When Penn State was ranked fourth in the national football polls two years ago, the Nittany Lions were far better than any of their Eastern competition. And when Penn was rated fourth in the national basketball polls, the Quakers could count on rolling to an undefeated regional record.
National athletic superiority by an Eastern college is unusual, and therefore Harvard fans might expect that its fourth-ranked soccer team will roll into the NCAA regional playoffs with an unblemished record. However, the Crimson faces a challenging Ivy League schedule that could promise upsets of national interest on almost any given weekend.
Last fall four Ivy League teams (Harvard, Penn, Brown and Columbia) were ranked in the top 15 of the nation at one time. A similar situation should occur this season, for almost every Ivy squad is improved, some markedly.
Here's the low down:
HARVARD--The Crimson must be cast as the preseason favorite. Harvard easily led the league in scoring and defense last fall and both aspects of the Crimson game are equally strong this season.
On offense, Harvard lost Sol Gomez, who monopolized two full-backs in almost every game, and Peter Bogovich, who had the hardest shot on the squad. But Coach Bruce Munro can now call on freshman record-setter Felix Adedeji to draw out the opposition defense, and Phil Kydes has an incredibly powerful shot. Add to that that two trickiest and talented forwards in the league, Charlie Thomas and Chris Papagianis, and you have a forward line that can outrun, out-manuever and overpower any defense in the League.
On defense, the Crimson presents probably the best fullback in the country in Chris Wilmot and the 1972 Olympic goalie, Shep Messing. With this strength up the middle. Harvard can afford to make an error or two at midfield and not suffer on the scoreboard.
If Harvard has a weakness it will be on the wing defense where it lost two fullbacks and one halfback. The Crimson may be susceptible to a sudden opposition breakaway on a clearing pass to the wing, but the strength of Wilmot and Messing in the penalty area and the scoring potential of the offense will offset any one goal mistake.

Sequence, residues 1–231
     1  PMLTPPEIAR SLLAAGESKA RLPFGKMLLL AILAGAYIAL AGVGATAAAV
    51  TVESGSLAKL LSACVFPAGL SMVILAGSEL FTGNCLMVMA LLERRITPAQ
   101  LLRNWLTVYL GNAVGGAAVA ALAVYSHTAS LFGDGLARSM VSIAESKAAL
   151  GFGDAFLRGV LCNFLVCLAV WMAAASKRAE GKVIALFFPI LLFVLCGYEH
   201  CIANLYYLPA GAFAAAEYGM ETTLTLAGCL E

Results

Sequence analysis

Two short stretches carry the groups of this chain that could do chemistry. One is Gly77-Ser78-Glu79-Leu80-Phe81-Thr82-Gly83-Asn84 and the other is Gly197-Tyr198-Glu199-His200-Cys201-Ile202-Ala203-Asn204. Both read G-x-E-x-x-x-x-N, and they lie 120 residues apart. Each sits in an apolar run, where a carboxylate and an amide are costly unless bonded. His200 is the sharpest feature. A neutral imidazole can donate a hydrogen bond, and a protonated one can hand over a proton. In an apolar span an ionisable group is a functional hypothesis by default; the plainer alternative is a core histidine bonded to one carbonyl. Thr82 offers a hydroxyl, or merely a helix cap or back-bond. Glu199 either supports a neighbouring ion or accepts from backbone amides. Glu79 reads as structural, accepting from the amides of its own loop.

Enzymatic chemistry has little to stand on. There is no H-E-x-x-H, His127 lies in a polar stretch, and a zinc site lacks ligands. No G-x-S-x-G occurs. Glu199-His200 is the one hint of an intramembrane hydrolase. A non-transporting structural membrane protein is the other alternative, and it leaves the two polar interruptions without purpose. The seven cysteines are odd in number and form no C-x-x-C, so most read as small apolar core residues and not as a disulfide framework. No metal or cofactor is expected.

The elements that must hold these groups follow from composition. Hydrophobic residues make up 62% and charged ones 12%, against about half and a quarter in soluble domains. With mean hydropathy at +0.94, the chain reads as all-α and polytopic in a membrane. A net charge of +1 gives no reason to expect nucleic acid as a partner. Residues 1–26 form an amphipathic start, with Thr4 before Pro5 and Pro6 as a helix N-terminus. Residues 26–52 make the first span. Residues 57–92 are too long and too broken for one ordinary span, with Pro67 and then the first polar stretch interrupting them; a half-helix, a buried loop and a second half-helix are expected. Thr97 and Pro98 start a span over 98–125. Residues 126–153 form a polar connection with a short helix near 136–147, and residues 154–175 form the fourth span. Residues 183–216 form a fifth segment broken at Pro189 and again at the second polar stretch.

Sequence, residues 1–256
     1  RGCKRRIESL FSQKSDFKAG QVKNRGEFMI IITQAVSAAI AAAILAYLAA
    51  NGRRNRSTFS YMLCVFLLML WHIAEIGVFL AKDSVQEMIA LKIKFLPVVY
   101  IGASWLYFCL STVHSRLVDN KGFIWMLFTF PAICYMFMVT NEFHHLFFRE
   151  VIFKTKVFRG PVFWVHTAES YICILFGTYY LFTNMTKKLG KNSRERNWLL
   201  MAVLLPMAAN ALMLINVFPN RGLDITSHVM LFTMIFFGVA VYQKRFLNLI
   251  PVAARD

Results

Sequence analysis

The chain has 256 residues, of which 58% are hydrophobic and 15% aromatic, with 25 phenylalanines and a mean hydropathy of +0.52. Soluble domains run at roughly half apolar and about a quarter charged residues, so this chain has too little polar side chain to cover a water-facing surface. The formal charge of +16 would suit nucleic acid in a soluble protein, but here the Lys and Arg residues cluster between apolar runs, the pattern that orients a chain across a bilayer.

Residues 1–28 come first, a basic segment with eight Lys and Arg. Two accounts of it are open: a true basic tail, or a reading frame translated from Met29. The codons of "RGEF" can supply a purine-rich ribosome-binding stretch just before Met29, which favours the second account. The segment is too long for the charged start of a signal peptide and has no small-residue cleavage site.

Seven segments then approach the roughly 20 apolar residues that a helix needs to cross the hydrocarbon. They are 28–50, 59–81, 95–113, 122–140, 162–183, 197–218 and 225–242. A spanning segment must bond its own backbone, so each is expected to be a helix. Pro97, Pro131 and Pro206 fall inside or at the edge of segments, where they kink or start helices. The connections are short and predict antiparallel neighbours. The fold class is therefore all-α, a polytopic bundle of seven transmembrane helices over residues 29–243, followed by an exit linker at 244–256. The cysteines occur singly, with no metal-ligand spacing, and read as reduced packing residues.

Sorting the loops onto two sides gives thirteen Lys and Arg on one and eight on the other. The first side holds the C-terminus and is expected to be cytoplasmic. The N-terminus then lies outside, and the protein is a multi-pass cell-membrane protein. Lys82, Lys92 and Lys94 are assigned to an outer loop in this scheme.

Overconfidence is the only hurdle in the Crimson's path. Several Ivy squads have the potential to stay with Harvard for two or three periods. None, on paper, should beat it. First.
PENN--For two years the Quakers have attracted national rankings in Philadelphia, and each time the Crimson has shattered Penn's hopes. Two years ago 5000 Penn fans turned out at Franklin Field to watch the fifth-ranked Quakers lose badly to the third-ranked Crimson.
Penn will be out for revenge this fall, and the Quakers have the material to pull off the upset. On offense, Penn has perhaps the most dangerous twosome in the Ivy League in All-Ivy forwards Tom Liebermann and Stan Startzell.
Liebermann is without a doubt the finest all-around player in the Ivy League. In his first two Harvard-Penn games Liebermann personally dominated midfield play and triggered his team's scoring threats. Just having the senior forward on the field promises the Quakers can exploit three or four dangerous situations per game. Unfortunately, Penn's weakness in the halfback line causes Liebermann to concentrate a great deal on defense and the Quakers will suffer from that loss.
Penn's weakness this fall will be at defense. Gone are All-Ivy fullbacks John Vroman and Art Swanson and consistent All--Ivy goalie Alex Spector. Penn will need to score to win.
One big advantage for the Quakers is that they will play all three of their toughest games (Harvard, Brown and Cornell) on the Franklin Field Astroturf. With the home field advantage and the large desire for revenge. Penn ranks as the top threat to the Crimson. Second.
BROWN--Three yards and a cloud of dust was once the winning theory for football, and it still is for the Brown soccer team. Loaded with size, strength and a desire for rough-housing, the Bruins can out-hit any Ivy squad except the large Crimson fullback line.
Brown, Columbia: Doormats No MoreThe last two Ivy League seasons can be summed up in one word: Penn. The Quakers have mowed down everyone
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